Acute Corneal Transplant Rejection After COVID-19 Vaccination

Acute Corneal Transplant Rejection After COVID-19 Vaccination

Amar P Shah 1Daliya Dzhaber 1Kenneth R Kenyon 2Kamran M Riaz 3Dean P Ouano 4Ellen H Koo 1

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Purpose: The purpose of this report was to describe 4 cases of acute corneal transplant rejection occurring in association with coronavirus disease 2019 (COVID-19) mRNA vaccination.

Methods: Four patients with prior keratoplasty developed presumed immunologic rejection after the mRNA-1273 vaccination for coronavirus 2 (SARS-CoV-2). Case 1 had received Descemet membrane endothelial keratoplasty 6 months ago and presented with endothelial graft rejection 3 weeks after the first vaccine dose. Case 2 had undergone penetrating keratoplasty 3 years previously and presented with acute endothelial rejection 9 days after the second vaccine dose. Case 3 had prior Descemet stripping automated endothelial keratoplasty (DSAEK) and began experiencing symptoms of endothelial graft rejection 2 weeks after the second vaccine dose. Case 4 presented with endothelial rejection of the penetrating keratoplasty graft 2 weeks after the second vaccine dose.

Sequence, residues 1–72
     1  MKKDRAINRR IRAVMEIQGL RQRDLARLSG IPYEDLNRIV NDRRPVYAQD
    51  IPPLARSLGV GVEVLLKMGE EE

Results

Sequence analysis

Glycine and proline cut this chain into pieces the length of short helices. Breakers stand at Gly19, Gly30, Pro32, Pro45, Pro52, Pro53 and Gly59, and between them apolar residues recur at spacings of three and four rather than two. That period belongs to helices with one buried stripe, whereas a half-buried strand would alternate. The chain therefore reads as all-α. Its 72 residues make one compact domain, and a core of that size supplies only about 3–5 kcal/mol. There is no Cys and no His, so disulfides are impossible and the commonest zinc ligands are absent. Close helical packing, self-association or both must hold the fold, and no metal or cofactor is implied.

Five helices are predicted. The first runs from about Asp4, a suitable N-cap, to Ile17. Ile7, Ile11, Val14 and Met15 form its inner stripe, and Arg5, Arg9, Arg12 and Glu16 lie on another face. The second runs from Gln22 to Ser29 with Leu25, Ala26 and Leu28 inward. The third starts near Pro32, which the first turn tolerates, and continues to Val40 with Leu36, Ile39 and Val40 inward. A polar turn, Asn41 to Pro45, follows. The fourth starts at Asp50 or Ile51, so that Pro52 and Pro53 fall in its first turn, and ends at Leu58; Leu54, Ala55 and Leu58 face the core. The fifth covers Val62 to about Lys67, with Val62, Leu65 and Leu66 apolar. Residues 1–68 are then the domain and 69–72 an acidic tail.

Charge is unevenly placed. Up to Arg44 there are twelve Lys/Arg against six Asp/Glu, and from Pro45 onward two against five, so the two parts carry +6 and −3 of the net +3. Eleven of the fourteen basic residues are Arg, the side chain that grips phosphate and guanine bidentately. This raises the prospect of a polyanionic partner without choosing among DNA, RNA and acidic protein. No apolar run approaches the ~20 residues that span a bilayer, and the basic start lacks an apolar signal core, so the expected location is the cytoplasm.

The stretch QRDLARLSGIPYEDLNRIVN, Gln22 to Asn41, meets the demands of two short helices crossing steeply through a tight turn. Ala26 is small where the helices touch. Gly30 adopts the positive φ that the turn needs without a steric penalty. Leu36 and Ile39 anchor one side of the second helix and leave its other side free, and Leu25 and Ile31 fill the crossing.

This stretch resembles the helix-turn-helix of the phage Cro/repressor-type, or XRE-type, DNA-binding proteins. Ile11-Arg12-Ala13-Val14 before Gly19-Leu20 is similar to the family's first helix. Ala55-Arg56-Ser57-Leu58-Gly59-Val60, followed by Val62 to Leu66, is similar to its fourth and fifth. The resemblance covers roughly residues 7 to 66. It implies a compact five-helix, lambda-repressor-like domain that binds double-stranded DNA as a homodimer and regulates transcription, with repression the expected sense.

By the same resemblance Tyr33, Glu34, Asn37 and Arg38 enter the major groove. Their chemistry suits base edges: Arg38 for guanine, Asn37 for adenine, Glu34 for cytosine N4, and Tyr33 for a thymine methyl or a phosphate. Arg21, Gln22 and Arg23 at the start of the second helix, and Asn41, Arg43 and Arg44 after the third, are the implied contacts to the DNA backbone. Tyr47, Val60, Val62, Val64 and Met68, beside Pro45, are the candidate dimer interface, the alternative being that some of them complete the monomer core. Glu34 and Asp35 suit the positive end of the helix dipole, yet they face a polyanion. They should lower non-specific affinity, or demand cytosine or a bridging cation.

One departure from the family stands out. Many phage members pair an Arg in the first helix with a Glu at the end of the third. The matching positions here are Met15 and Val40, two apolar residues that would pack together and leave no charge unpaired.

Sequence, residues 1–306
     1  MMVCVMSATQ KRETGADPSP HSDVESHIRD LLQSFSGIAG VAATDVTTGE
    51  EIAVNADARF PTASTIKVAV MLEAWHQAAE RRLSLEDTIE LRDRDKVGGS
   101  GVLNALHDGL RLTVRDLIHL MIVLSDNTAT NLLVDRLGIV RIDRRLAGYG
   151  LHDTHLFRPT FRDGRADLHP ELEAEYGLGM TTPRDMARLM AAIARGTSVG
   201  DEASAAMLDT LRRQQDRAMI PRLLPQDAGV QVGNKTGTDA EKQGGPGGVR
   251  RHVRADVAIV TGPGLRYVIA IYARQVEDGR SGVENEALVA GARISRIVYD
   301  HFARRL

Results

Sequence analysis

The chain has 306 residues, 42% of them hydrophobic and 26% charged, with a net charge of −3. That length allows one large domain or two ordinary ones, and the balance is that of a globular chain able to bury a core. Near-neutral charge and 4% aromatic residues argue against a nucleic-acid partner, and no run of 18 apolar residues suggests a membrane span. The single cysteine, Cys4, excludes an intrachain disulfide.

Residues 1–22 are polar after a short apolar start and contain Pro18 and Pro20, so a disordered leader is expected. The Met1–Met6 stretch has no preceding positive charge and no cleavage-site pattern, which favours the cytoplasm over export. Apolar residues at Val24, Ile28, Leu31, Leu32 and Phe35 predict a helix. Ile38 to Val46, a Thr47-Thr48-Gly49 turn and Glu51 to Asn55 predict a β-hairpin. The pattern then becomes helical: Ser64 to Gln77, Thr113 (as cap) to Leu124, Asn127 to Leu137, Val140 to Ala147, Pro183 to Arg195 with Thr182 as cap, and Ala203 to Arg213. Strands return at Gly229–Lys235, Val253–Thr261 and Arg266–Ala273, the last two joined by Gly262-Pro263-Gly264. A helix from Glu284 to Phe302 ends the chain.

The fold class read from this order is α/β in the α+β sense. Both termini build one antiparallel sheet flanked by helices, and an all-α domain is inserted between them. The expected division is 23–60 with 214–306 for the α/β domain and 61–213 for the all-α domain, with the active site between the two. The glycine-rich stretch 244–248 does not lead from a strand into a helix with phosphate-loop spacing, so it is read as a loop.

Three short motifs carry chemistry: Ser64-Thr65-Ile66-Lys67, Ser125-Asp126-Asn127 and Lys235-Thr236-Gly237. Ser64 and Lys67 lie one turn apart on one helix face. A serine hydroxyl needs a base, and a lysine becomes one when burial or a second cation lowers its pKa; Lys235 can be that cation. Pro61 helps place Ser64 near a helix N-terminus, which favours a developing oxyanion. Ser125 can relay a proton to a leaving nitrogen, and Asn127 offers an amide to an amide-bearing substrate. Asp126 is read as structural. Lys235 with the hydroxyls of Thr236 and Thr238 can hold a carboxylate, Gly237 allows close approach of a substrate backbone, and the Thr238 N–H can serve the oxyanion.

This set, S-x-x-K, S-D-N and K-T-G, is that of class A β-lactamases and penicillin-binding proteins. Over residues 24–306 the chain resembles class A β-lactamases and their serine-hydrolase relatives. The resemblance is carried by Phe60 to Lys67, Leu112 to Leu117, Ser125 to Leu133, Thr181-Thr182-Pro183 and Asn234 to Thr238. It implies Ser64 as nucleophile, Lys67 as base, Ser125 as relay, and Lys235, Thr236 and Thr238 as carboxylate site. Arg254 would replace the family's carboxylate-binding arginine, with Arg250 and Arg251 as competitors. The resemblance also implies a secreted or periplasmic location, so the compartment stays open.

Results: Frequent topical corticosteroids alone were initiated in all 4 cases. In case 1, the endothelial rejection line appeared fainter with improvement in visual acuity and corneal edema 5 weeks after diagnosis. Case 2 experienced complete resolution of corneal stromal edema and rejection line 6 weeks after diagnosis. Cases 3 and 4 have both experienced initial improvement with steroid treatment as well.

Conclusions: These cases suggest acute corneal endothelial rejection may occur soon after either dose of the COVID-19 mRNA vaccine. Prompt initiation of aggressive topical steroid therapy may result in complete resolution of clinical signs and symptoms. Further studies are needed to elucidate the causal mechanism of corneal graft rejection after COVID-19 vaccination.

Conflict of interest statement

The authors have no funding or conflicts of interest to disclose.

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  1. Johns Hopkins University & Medicine Coronavirus Resource Center. Available at: Accessed April 12, 2021.,of%20clinical%20signs%20and%20symptoms.